Catholic parents groups in Tasmania have joined forces to promote a new documentary about the problems facing teenagers growing up in the digital age, The Mercury reports.
Parents have flocked to recent screenings of the Screenagers documentary, with last night’s showing in Hobart sold out.
The Tasmanian Catholic Schools Parents Council is encouraging families to sign up for a national “digital detox” that starts next month.
“This is an issue parents are facing on a daily basis,” the council’s executive officer, Greg Boon, said.
“Our children are growing up in a very different world to the one we grew up in — today’s world is full of new possibilities, distractions and threats.
“We see our children spending significant amounts of time on their mobile devices and computers and wonder how we know that the balance is right?”
The council has joined the Australian Parents Council, a national federation of Catholic and independent school parents’ organisations, to bring the Screenagers documentary to Tasmania.
The movie is the first step in a wider campaign about to be launched by the Australian Parents Council, which is calling on parents to contribute to a national survey about the digital dilemma, and sign up for the upcoming digital detox.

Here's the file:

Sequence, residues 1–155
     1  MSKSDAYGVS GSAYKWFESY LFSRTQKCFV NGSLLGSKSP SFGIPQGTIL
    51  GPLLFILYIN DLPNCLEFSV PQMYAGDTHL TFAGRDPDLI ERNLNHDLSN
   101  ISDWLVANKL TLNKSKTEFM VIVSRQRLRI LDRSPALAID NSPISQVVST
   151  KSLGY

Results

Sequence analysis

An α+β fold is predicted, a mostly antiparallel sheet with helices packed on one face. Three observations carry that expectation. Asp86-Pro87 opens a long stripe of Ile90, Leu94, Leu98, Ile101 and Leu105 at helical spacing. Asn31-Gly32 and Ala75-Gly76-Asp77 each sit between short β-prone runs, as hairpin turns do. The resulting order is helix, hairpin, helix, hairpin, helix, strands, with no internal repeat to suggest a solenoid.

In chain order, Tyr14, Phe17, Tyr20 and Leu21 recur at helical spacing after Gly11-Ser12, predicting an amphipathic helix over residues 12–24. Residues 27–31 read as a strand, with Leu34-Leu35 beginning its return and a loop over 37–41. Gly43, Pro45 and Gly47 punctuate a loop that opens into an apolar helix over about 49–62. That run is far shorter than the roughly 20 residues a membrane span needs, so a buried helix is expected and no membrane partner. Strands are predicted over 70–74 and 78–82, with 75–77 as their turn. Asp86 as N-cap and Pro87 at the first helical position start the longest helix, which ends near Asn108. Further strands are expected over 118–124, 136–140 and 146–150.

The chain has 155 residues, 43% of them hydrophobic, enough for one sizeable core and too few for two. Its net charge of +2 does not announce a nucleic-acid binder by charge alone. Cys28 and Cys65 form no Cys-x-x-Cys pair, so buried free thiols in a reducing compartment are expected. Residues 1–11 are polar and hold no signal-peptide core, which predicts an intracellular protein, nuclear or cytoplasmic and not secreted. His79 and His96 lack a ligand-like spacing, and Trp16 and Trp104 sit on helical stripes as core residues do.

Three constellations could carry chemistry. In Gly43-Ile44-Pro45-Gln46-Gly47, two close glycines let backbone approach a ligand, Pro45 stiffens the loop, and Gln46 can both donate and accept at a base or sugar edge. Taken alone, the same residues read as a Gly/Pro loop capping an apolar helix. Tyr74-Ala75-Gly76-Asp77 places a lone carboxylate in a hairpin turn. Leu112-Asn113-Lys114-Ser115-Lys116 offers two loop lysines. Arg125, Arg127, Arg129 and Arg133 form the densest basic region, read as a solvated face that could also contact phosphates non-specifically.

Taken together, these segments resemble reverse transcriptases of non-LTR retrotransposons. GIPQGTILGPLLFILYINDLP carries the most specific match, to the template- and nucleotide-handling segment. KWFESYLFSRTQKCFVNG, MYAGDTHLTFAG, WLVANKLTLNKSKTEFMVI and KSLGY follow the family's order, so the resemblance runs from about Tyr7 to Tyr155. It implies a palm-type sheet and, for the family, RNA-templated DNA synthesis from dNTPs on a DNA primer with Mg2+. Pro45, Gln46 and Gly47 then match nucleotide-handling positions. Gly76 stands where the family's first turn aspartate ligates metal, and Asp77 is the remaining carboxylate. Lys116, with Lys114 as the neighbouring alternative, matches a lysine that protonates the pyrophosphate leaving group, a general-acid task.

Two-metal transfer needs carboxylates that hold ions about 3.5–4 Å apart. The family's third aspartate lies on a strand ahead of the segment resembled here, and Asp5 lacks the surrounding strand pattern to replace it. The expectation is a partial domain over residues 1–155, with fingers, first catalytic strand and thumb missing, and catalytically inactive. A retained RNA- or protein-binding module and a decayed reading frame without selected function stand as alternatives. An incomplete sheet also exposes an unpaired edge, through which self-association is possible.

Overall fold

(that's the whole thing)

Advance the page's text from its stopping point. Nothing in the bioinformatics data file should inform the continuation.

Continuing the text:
The council launched a campaign last year, called #parentech, with a website aimed at increasing the conversation and offering guidance.
In a few weeks, the council will launch its digital detox — promising a “healthier digital diet”.
Australian Parents Council president Ms Shelley Hill said the detox began with a self-assessment.
“That has been a little bit confronting for me,” said Ms Hill.
“When you realise how much all of us are using these things … you realise maybe we need to consider having a screen-free day.”
Mr Boon encouraged families to sign up for the detox and try to manage their own screen habits.
Parents seek answers amid rise of the screenager (The Mercury)